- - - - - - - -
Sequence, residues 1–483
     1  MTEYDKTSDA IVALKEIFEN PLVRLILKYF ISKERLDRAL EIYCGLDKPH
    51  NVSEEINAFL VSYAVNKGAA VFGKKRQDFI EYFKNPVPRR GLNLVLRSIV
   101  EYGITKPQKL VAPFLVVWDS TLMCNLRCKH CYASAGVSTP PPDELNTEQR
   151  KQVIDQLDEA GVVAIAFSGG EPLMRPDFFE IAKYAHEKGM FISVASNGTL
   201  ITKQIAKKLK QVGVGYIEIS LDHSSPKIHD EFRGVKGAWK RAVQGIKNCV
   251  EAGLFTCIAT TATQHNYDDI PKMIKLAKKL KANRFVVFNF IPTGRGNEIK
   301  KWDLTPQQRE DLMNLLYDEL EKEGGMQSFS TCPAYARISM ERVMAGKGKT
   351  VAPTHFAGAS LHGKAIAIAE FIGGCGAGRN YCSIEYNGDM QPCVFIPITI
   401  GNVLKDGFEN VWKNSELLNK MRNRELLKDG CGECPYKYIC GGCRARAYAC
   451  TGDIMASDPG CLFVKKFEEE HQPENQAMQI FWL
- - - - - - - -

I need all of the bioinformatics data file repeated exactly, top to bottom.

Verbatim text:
Sequence, residues 1–483
     1  MTEYDKTSDA IVALKEIFEN PLVRLILKYF ISKERLDRAL EIYCGLDKPH
    51  NVSEEINAFL VSYAVNKGAA VFGKKRQDFI EYFKNPVPRR GLNLVLRSIV
   101  EYGITKPQKL VAPFLVVWDS TLMCNLRCKH CYASAGVSTP PPDELNTEQR
   151  KQVIDQLDEA GVVAIAFSGG EPLMRPDFFE IAKYAHEKGM FISVASNGTL
   201  ITKQIAKKLK QVGVGYIEIS LDHSSPKIHD EFRGVKGAWK RAVQGIKNCV
   251  EAGLFTCIAT TATQHNYDDI PKMIKLAKKL KANRFVVFNF IPTGRGNEIK
   301  KWDLTPQQRE DLMNLLYDEL EKEGGMQSFS TCPAYARISM ERVMAGKGKT
   351  VAPTHFAGAS LHGKAIAIAE FIGGCGAGRN YCSIEYNGDM QPCVFIPITI
   401  GNVLKDGFEN VWKNSELLNK MRNRELLKDG CGECPYKYIC GGCRARAYAC
   451  TGDIMASDPG CLFVKKFEEE HQPENQAMQI FWL